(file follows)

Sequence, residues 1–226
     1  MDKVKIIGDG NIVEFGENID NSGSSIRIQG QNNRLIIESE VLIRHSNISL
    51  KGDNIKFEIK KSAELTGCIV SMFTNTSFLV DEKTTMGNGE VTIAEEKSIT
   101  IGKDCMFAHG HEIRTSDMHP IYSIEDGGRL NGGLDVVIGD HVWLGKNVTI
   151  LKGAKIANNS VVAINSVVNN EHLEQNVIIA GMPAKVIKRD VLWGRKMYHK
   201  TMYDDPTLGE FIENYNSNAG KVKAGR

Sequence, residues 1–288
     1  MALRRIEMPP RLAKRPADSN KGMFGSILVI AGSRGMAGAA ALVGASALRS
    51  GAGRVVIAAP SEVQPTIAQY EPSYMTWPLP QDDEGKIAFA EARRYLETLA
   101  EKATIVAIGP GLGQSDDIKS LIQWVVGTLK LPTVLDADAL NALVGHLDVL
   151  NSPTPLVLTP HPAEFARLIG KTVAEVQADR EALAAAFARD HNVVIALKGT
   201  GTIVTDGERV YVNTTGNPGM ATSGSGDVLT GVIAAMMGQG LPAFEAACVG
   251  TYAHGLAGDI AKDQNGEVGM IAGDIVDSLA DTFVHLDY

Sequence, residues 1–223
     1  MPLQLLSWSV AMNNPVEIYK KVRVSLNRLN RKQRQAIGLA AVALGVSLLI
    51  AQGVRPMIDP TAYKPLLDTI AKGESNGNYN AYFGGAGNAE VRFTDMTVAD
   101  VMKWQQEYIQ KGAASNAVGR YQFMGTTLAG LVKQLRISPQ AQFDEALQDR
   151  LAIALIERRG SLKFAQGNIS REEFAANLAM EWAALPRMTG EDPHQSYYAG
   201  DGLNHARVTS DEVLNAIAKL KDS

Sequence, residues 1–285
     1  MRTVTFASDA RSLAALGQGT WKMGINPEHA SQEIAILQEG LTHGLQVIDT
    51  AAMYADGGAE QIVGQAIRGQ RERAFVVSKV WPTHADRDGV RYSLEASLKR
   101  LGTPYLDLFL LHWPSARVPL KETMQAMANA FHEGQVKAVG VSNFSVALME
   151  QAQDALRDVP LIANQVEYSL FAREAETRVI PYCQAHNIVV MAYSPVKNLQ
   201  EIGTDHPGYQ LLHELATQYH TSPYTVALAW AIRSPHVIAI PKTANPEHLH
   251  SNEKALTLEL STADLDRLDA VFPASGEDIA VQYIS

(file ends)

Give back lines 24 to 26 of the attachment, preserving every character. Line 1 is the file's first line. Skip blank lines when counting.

   151  QAQDALRDVP LIANQVEYSL FAREAETRVI PYCQAHNIVV MAYSPVKNLQ
   201  EIGTDHPGYQ LLHELATQYH TSPYTVALAW AIRSPHVIAI PKTANPEHLH
   251  SNEKALTLEL STADLDRLDA VFPASGEDIA VQYIS